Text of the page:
My friend, we will call him Mike, posted a comment about The Guardian / The Observer article on the pending demise of humanity due to social media. I immediately responded to him on Facebook, using the Social Beat app on my Blackberry.
If you know me at all, you will not be surprised that I fully reject the idea that social media can make us stupid, anti-social, and lazy.
Stupid, anti-social, lazy people may find that social media causes those traits to come to the forefront, but if you are smart, authentic, and energetic, social media will further your quest for knowledge, create more relationships, and provide many more outlets for you to express yourself.
Let’s take my friend Mike for example: We grew up in the same town and attended rival high schools. Mike was ‘The Perfect Guy’ – sweet, cute, athletic, smart, all-around good kid. I was a complete dork and he was super nice to me, that’s how great he is. I think I saw him once after high school and then we lost touch, until that magical day his friend request showed up on Facebook. Now Mike and I are buddies; our high school friendship rebooted. Because of social media, I get to learn about his wife and kids, see pictures of their fun family adventures, and touch base on topics that are of mutual interest – like social media.
How could this be bad?
If I pretended that Mike and I are BFFs – that would be bad. If I stopped reading the news and decided only to get information from Mike – that would be bad. If I sat around all day and responded to every comment Mike posted – that would be bad. But being connected with Mike online is good for me.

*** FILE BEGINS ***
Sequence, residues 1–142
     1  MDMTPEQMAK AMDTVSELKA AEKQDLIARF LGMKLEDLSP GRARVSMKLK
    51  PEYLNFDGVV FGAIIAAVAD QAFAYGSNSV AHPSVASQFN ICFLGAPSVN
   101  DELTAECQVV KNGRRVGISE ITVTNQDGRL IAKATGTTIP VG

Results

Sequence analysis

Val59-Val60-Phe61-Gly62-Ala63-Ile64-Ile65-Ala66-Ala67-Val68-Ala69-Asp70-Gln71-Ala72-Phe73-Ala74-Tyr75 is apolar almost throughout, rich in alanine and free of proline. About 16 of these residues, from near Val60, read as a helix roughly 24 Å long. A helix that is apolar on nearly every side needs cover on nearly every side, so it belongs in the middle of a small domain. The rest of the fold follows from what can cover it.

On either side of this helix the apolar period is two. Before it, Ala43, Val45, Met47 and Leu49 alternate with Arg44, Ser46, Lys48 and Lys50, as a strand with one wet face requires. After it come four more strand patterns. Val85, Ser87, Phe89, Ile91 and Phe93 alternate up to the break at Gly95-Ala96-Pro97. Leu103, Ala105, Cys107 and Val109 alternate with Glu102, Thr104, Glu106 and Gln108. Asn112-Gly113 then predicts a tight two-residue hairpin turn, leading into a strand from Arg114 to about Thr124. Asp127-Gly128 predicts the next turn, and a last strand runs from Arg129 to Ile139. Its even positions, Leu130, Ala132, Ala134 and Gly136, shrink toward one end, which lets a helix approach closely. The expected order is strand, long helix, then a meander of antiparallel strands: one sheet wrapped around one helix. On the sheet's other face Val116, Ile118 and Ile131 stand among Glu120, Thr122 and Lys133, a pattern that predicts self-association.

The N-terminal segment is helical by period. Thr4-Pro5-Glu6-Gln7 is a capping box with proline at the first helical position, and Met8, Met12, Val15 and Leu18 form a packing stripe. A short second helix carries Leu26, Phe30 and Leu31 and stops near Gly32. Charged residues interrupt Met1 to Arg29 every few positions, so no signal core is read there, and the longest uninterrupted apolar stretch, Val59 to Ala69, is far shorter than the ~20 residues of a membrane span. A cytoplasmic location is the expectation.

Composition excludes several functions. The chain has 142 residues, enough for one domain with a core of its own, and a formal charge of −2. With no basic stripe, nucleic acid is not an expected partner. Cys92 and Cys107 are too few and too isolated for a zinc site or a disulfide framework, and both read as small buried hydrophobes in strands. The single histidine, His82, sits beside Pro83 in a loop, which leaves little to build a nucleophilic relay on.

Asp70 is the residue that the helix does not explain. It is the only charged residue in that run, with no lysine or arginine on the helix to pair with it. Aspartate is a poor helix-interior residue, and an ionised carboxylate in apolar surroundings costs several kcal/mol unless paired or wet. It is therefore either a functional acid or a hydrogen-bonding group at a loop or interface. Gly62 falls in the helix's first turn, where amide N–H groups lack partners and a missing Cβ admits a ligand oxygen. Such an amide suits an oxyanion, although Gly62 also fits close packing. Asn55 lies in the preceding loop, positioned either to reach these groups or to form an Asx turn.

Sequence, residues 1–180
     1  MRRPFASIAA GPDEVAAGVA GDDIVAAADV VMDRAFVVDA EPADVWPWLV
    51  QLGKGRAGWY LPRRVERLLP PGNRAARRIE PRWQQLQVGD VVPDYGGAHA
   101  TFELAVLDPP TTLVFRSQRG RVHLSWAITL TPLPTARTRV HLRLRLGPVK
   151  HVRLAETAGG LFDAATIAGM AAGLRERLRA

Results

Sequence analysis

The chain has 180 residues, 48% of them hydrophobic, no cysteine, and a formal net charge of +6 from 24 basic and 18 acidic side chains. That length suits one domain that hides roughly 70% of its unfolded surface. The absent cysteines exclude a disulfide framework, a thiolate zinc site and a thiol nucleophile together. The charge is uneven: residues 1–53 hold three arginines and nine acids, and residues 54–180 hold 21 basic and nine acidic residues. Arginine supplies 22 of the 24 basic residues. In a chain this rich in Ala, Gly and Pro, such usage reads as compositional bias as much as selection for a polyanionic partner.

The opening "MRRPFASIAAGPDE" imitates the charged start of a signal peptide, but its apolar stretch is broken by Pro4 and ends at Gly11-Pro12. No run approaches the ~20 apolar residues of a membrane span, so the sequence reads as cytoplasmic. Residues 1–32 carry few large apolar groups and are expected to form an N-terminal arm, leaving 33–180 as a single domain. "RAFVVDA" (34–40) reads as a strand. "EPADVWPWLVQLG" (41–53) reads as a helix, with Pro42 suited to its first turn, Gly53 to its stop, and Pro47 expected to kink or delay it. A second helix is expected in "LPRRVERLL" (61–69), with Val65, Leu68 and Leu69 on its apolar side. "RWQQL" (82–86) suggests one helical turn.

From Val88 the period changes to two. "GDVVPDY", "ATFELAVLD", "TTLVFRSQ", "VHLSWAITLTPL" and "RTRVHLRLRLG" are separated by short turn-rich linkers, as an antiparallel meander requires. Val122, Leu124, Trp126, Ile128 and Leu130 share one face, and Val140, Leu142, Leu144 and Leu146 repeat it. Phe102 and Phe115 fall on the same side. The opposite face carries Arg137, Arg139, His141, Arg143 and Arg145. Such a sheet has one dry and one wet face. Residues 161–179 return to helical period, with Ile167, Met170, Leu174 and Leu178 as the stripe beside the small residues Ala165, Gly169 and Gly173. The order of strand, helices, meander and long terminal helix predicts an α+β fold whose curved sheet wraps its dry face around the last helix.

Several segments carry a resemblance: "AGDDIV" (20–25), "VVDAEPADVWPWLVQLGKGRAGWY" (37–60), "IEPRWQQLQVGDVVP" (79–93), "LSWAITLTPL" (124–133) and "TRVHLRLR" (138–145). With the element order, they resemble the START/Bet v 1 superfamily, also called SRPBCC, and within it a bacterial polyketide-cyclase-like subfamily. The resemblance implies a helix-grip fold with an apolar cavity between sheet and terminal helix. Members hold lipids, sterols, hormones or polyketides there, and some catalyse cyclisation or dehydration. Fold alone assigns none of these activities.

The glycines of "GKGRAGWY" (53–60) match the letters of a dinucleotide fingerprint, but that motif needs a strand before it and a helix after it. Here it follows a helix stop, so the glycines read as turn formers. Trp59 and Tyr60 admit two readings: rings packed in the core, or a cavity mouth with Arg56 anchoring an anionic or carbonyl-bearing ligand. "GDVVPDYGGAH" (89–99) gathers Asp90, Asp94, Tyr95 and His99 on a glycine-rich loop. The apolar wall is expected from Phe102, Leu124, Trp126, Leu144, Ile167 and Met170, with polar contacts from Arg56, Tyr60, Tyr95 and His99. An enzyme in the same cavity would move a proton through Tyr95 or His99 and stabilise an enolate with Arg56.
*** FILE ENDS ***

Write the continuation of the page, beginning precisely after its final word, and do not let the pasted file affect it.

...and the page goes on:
I am a real, engaged, outgoing person who uses social media to enhance my life – personally and professionally – without depending on it to find my soul. MIT professor Sherry Turkle writes that “We have invented inspiring and enhancing technologies, yet we have allowed them to diminish us.” I guarantee my Blackberry makes me a happier, more productive person. I was without it for a week earlier this month and you should have seen what a wreck I was!
Paul Harris’ article from above mentions the Facebook suicide note of a girl that went unreported as evidence of our civil decline due to social networking. Sadly, teenagers were dumb before social media. My brother had a party when my mom was out of town and one of the girls got a knife and tried to end it all (maybe – we’re still not sure exactly what happened). Like the teens in the article, the kids at my mom’s house did not call 911, did not alert the girl’s parents, and did not follow-up with her later to see if she needed psychological help. They bailed and hoped that their parents didn’t find out they were at the party. This was 20 years ago. Teenagers today are affected by social media the same way previous generations of teens were affected by Elvis’ pelvic thrusts or the Beatle’s bowl haircuts.
Social media does not make us introverted loners. Social media is a channel for communicators. In fact, I bet it makes life easier for those who are shy and less comfortable communicating en masse. Just look how chatty I am here!
All this hand wringing over social media reminds me of my favorite college assignment: reading the letters between Abigail and John Adams. Now I have to wonder, was there a sociologist screaming from the rooftops that the President and First Lady were not really communicating because they were using parchment and an ink well instead of smoke signals?
Anyone who has received an intimate love note, a postcard from a distant friend, a cable from a long lost family member, a call from a Grandmother or Grandchild, an email from a close confident, or a text from a favorite tween knows that communication comes in many forms. You can be authentic, smart and enthusiastic while communicating through technology – if you are in fact those things. You can also develop great, meaningful, deep relationships with people you never or rarely see.
I may be a little on the mushy side, but I have friends that I adore whom I have never met. My life would be boring and lonely if I didn’t have them. The experts are wrong. Social media does connect people and it brings a broader sense of reality to our lives through words, pictures and images.